Tuesday, August 31, 2004

Anime at center stage: Wired examines how the release of three major films by three titans of anime -- Ghost in the Shell 2: Innocence by Mamoru Oshii, Steamboy by Katsuhiro Otomo, and Howl's Moving Castle by Hayao Miyazaki -- finally could mean success at the box office, something that's eluded the artform in the United States:

"In the immediate aftermath of Astro Boy, anime was considered pabulum for kids. But something changed in the early 1970s. Like every nation in the developed world, Japan brought forth an impatient new generation of artists. Unlike other countries, though, Japan's music, theater, and film industries didn't welcome boat-rocking young people. Meanwhile, manga publishers were abandoning their previous self-censoring code of content. Suddenly, what had been subliterature began looking like an opportunity for creative newcomers.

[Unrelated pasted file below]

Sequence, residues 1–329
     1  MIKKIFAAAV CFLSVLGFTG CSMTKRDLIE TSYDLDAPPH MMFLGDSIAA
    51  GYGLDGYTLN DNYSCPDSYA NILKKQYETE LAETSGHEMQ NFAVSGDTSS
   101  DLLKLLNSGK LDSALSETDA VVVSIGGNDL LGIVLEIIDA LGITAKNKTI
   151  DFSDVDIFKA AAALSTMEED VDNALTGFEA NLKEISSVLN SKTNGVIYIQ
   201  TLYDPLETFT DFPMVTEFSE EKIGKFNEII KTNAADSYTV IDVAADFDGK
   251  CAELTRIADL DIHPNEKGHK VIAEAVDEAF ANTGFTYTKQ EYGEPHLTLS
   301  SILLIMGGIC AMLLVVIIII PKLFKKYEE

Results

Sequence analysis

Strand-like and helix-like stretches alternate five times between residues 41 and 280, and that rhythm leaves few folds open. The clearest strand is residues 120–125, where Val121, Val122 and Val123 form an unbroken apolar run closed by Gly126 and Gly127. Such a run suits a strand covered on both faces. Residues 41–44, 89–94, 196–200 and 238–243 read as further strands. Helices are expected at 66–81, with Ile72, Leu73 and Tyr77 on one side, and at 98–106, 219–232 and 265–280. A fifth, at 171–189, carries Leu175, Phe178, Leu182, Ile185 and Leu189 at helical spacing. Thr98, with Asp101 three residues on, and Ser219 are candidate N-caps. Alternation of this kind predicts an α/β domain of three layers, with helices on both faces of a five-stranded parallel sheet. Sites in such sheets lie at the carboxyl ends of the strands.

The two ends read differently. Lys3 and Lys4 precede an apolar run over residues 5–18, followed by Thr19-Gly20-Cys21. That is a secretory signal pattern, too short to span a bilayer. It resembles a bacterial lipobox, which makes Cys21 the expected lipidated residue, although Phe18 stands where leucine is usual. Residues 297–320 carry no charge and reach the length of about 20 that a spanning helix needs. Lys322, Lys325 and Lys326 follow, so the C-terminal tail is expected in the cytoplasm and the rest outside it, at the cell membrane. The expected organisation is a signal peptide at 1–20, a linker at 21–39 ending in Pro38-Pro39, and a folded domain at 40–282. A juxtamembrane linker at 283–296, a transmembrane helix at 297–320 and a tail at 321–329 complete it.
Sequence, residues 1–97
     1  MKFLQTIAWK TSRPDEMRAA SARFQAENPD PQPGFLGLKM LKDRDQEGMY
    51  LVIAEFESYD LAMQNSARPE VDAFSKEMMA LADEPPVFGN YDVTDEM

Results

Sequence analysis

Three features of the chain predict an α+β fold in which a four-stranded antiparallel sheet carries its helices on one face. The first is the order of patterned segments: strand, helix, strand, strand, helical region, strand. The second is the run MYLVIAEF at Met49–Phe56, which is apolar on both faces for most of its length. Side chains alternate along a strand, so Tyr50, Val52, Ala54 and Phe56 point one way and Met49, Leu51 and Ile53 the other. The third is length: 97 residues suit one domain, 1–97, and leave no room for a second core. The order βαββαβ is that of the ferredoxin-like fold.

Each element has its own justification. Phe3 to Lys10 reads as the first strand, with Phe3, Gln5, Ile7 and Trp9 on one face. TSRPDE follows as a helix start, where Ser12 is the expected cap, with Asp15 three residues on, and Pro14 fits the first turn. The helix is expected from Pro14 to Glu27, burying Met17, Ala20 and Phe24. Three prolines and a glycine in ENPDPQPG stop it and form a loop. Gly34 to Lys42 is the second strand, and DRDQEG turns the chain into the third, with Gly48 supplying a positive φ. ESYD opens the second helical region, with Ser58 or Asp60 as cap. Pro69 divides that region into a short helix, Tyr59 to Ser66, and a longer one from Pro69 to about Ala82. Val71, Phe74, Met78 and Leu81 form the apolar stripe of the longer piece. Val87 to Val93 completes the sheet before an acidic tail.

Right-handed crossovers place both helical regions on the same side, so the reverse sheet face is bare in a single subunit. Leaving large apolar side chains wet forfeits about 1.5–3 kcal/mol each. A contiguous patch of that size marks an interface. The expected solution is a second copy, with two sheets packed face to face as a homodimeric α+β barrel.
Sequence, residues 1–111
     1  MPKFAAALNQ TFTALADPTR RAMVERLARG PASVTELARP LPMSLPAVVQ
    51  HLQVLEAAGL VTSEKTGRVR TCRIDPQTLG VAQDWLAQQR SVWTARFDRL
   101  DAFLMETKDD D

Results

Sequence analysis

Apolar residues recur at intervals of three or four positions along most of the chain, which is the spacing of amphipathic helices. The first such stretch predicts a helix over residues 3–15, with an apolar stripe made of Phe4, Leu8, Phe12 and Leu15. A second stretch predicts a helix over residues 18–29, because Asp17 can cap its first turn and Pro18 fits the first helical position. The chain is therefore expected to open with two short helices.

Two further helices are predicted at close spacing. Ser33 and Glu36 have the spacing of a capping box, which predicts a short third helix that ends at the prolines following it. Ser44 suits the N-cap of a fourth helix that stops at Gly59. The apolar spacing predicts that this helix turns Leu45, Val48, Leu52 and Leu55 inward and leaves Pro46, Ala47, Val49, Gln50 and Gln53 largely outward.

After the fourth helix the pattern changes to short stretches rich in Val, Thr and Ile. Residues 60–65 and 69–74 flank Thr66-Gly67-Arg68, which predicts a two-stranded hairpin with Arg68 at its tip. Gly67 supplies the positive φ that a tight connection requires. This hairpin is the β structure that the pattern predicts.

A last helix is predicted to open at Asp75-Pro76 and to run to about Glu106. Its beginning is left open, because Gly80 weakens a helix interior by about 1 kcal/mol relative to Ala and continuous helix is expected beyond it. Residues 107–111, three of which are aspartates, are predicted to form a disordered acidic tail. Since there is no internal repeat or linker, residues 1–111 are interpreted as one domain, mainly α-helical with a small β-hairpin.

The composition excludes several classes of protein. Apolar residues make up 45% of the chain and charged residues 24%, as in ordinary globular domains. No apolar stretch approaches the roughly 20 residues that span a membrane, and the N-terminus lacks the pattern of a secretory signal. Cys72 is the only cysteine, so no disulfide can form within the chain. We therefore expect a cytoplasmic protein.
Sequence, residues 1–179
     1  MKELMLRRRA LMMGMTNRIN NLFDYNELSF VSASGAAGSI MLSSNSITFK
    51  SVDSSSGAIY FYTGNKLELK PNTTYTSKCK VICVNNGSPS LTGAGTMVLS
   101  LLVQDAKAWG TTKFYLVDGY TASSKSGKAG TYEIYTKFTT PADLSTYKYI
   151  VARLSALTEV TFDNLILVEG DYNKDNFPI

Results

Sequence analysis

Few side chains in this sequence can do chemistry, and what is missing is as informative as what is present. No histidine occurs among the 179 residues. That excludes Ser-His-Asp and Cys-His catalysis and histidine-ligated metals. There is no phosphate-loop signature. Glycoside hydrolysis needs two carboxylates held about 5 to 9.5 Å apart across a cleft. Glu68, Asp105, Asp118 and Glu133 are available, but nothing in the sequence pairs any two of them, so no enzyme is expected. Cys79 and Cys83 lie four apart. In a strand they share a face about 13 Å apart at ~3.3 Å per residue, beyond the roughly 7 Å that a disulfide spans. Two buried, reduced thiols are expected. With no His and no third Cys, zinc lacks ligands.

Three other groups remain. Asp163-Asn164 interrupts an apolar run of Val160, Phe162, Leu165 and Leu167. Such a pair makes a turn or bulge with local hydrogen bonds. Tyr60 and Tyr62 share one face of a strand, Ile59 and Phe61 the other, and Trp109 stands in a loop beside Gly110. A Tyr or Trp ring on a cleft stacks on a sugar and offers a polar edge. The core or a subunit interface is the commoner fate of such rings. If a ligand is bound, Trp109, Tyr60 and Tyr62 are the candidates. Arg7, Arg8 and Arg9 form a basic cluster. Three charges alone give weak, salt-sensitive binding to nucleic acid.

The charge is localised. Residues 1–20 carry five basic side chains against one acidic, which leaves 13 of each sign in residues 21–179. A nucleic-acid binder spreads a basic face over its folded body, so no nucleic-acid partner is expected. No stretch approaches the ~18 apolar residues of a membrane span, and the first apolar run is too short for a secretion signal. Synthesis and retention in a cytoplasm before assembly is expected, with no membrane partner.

"'There was tremendous energy in Japan bubbling up then,' says Masuzo Furukawa, founder of Mandarake, Japan's largest manga store. 'In your country, someone like Martin Scorsese got to make Mean Streets. In our country, somebody like Otomo went into manga.'"